When preparing to study abroad, it is of the utmost importance to understand the nature and structure of the health care landscape in the country you will be calling home for a number of years. Some important considerations include: whether, as a condition of being granted a student visa, an international student is required to have health insurance, and does the country operate on a public or private healthcare model, or is it a mixture of both? If it is a mixed model, what options are covered under the general public plan, and which treatment options must be covered under a separate, private plan?
Luckily for international students studying abroad in Iceland, the quality of care in question is not of any concern—in fact, Iceland is home to one of the most highly regarded healthcare systems in the world. Coordinated through a series of general practitioners, the Icelandic health care system is wholly public. Individuals go through general practitioners for all health-related services, and the practitioner is authorized to refer patients to specialists or to hospitals. In Iceland, immediate admittance into a hospital is typically reserved for emergency care, so it is important to visit a general practitioner as soon as possible and outline any and all required medications or medical needs that may arise during your stay in the country.
After six months of living in the nation, residents of Iceland are eligible to opt into the national plan, which offers reduced or zero cost access to any of the country's healthcare facilities and general practitioners. However, international students who plan on studying abroad in Iceland must, as per Iceland visa insurance requirements, purchase health insurance coverage of at least 2,000,000 ISK that will remain valid throughout the duration of residence. This insurance will allow the policy holder to have the costs associated with receiving medical treatment either reduced or diminished in total, as well as giving the opportunity for reimbursement through an international student's home country. Moreover, those residents of Iceland that have opted into the national plan receive lower rates on all medical treatments—international students who meet Icelandic insurance requirements will also be billed at the rate of the Icelandic national plan (reducing the cost of medical care significantly).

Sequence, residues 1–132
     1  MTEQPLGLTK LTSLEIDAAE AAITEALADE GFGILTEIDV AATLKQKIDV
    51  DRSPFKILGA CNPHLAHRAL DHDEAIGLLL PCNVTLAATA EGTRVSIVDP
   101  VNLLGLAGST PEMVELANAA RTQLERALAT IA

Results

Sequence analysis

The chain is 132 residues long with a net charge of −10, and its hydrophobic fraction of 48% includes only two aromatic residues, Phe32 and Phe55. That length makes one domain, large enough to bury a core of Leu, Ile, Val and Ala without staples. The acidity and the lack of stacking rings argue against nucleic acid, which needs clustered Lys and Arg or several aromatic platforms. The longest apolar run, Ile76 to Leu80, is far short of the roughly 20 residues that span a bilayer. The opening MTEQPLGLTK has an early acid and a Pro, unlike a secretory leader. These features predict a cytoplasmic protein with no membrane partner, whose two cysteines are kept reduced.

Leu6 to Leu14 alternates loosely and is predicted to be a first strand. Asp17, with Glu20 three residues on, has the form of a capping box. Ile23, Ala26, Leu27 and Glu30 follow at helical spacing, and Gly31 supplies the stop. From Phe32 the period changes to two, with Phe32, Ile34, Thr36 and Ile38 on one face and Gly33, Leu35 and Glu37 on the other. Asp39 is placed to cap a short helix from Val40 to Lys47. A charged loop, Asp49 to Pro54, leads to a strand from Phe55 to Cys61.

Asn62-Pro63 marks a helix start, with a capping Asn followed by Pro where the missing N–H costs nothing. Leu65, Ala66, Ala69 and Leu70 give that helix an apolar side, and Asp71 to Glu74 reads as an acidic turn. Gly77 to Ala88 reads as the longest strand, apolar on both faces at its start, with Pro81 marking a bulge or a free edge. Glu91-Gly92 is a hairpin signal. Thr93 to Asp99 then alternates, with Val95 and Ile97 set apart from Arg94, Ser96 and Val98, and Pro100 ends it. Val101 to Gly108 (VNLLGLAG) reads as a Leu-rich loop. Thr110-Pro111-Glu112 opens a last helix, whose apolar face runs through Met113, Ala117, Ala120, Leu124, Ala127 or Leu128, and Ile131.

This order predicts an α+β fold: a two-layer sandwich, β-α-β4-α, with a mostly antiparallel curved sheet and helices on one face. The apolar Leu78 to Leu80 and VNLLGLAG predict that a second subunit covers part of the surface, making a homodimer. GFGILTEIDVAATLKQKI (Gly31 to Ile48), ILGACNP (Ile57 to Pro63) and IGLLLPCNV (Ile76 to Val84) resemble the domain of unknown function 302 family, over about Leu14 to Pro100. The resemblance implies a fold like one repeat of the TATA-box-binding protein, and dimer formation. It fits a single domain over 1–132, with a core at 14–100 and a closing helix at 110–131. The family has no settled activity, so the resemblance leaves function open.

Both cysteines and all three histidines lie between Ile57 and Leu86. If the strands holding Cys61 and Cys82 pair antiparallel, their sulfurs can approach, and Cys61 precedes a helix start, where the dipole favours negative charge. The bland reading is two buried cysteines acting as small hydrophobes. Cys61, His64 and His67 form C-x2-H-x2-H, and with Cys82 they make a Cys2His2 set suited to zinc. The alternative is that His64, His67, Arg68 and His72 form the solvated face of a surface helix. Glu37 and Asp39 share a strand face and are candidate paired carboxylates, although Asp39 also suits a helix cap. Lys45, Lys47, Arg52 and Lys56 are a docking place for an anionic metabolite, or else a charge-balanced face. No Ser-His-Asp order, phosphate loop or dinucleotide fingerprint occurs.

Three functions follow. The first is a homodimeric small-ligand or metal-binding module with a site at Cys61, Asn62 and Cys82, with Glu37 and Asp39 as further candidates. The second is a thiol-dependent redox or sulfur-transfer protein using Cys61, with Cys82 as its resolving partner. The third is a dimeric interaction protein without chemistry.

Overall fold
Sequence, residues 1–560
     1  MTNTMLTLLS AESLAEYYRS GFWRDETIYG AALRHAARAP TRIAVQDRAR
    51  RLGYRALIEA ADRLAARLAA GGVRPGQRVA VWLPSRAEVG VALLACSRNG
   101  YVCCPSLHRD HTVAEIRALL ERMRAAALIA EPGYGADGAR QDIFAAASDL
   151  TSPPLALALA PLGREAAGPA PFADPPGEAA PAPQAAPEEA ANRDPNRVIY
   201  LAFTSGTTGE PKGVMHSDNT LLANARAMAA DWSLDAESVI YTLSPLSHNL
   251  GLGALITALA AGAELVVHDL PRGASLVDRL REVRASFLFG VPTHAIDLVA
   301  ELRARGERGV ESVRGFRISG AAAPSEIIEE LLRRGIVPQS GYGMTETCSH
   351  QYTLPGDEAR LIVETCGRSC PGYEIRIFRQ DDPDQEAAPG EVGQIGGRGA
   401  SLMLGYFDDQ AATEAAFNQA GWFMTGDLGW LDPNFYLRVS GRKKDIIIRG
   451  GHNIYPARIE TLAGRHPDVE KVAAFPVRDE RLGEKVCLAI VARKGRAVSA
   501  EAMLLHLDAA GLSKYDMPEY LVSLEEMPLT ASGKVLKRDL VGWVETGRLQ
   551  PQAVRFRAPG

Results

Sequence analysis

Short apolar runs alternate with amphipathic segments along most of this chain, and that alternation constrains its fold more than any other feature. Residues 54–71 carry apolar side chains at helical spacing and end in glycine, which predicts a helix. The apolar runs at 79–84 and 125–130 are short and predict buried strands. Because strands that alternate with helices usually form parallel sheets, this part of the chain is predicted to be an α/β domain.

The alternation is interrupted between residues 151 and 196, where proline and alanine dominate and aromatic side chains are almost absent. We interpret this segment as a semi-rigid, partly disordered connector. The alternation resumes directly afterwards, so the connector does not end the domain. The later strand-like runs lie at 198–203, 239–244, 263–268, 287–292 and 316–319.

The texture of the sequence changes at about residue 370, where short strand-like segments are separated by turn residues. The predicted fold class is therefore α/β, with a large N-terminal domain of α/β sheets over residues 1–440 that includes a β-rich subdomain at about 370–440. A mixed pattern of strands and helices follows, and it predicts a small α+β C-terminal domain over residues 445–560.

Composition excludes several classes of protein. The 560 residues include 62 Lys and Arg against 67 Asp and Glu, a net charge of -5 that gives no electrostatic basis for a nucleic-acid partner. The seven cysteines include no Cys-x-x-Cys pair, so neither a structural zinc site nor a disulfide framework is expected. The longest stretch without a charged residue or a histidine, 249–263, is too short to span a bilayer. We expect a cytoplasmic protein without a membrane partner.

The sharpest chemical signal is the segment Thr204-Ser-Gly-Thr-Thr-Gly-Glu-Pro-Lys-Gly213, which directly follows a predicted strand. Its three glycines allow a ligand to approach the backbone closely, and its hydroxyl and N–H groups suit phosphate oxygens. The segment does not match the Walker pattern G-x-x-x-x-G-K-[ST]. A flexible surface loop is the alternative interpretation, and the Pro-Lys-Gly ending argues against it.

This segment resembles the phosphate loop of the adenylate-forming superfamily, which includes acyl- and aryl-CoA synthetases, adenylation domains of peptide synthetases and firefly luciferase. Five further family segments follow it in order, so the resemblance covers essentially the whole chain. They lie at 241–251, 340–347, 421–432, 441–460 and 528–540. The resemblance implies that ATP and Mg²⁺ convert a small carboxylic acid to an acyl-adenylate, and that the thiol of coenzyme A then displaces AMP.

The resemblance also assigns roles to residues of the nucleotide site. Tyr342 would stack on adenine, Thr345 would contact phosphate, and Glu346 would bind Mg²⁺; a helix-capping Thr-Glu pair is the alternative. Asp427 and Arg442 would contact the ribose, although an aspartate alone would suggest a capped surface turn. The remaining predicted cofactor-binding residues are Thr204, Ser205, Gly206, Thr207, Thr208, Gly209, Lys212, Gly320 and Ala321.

Dental Care and other Extras
Unfortunately, dental care is not covered under the Icelandic health insurance plan. If an international student studying abroad in Iceland desires or requires regular dental treatments, check-ups, or cleanings, it is of the utmost importance that they take a private insurance policy that specifically covers those options while in Iceland. Moreover, there are certain “extras” that would be prudent for any international student to take in addition to the standard policy benefits like reduced/zero cost access to a general practitioner. These extras include emergency transportation coverage (both emergency transportation within the country as well as between countries), and dental coverage. While these options are not required to meet the minimum Iceland health insurance requirements, they are wise additions to any policy.
The healthcare system in Iceland is a robust public system with a number of insurance requirements. International students must possess coverage (valid from a date earlier than their arrival in Iceland) that lasts the duration of their stay in the country. With insurance in Iceland, international students will have access to some of the best healthcare in the world—allowing them to focus on more important aspects of making the most of their study abroad experience!